Personal Leadership is essential to your teen’s academic success, not to mention their emotional development. In this article, we’ll address the elments of autonomy, problem-solving, and accountability. Parents often struggle with this major life transition, because it is a delicate balance of letting go while supporting your teen’s learning and growth.

 

How Nurture Personal Leadership

 

1. Help Your Teen Name the Problem

Teenagers have a hard time identifying what they need help with. Typically, that’s because their stress and fear has led to overwhelm, making it difficult to think clearly.

For instance, I worked with a high school freshman, we’ll call her Maddie. She has an IEP for a math learning disability. She also has a really hard time knowing what to do when she hits an obstacle. If she doesn’t know what her homework is, her typical response is to say “well, I can’t do it.”

So we asked her questions to both clarify, and break down, her issue into smaller, more manageable pieces. We also gently guided her to growth-mindset language by adding “yet” to phrases like “I can’t” or “I’ll never.”

2. Ask Your Teen for Solutions

As you saw, Maddie had shut down. It’s understandable, given that she hadn’t learned tools and strategies that work. Her confidence was very low.

So that’s where we started to build her ownership mindset.

We walk teens through their problem once or twice, encouraging them to find solutions. When they get stuck, we encourage them to keep going. “Yes, step 1 is great, but we still need to find 2, 3, 4 and 5 resources so you have a toolkit. Let’s keep digging.”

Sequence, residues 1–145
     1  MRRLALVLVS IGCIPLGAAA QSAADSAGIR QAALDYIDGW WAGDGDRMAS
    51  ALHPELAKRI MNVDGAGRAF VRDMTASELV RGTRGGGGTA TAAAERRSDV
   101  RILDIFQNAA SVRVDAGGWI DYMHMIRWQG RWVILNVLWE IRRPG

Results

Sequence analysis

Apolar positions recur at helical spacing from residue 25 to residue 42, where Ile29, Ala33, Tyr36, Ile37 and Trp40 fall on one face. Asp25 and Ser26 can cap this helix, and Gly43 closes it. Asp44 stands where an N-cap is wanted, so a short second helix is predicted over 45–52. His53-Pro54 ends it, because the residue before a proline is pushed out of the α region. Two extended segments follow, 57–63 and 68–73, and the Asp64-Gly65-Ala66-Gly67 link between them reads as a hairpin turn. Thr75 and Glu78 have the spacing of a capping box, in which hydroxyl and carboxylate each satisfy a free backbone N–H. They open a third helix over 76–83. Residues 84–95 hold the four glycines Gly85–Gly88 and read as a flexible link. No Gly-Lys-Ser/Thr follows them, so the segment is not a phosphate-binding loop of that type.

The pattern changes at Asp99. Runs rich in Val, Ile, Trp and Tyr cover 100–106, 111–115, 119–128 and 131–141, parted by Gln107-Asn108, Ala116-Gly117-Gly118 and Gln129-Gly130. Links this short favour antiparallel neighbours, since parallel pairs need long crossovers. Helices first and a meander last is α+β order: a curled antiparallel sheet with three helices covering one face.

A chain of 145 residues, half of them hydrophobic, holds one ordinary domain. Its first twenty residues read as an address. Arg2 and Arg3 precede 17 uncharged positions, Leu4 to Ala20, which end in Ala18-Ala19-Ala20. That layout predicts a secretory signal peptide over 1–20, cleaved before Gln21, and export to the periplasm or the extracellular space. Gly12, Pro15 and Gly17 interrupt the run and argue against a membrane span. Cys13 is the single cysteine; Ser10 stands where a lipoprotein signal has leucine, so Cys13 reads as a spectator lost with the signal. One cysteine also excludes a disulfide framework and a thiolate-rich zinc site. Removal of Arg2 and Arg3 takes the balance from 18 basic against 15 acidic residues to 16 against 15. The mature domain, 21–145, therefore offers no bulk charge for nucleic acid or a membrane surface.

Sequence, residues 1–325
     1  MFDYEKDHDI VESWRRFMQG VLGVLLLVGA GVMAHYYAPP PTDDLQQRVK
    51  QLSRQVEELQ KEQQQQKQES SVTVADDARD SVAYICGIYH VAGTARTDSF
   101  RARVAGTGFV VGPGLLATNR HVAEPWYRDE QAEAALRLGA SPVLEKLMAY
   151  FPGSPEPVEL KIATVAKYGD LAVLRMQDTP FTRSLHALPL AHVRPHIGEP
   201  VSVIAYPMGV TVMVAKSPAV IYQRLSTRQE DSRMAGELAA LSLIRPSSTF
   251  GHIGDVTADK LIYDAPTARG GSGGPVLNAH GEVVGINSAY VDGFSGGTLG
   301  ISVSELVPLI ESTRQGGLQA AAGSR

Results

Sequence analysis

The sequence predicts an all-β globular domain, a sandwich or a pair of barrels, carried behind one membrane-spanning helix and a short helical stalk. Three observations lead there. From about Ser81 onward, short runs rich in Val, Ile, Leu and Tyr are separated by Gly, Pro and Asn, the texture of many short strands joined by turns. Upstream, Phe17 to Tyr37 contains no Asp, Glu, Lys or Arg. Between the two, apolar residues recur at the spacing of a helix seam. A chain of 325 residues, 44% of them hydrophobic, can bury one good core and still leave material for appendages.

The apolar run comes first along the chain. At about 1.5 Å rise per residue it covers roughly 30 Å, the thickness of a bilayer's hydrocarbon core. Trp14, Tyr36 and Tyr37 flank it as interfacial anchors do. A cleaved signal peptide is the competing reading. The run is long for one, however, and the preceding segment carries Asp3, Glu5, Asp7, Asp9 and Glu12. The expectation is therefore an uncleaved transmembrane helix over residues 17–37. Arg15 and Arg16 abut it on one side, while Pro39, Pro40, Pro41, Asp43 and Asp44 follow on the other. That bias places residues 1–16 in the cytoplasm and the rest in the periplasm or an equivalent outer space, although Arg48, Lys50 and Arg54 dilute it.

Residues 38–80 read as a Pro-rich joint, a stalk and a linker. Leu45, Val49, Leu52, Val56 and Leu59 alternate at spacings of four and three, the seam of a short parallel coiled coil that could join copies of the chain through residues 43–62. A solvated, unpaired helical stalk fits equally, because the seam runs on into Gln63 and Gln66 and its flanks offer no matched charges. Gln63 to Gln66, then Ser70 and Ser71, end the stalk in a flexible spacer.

And, that’s exactly what unlocked personal leadership skills with Maddie. As I asked her power questions, she started to realize she had many answers. She’d say, “Well, my teacher posts the homework online.” Or, she’d think of a friend in class that she could text. We created a physical list of all her resources so that the next time she doesn’t know the assignment, she has a ready-to-go solution.

She felt empowered. She felt fully capable of solving that problem on her own in the future.

 

Your Role as a Parent 

Teens need to believe they can find the answers. And, they need the freedom to figure it out on their own. That said, as they’re learning, you can teach and help them. For instance, you can help them write an email to a teacher or role-play a conversation. Just remember to position your teen as the leader. And, as hard as it may be, increasingly step back.

When your teen doesn’t want you to be their helper, you can suggest they talk to somebody they know and respect — like an aunt, a family friend, or an older sister.

And, if you need a neutral third-party, or professional support for your teen, please reach out for a free, no pressure strategy call to figure out your best next steps.

Life Success for Teens offers one-to-one coaching, and a group coaching program in the fall called, The High School Success Formula.

Cheers to your teen’s ever-increasing resourcefulness and personal leadership!

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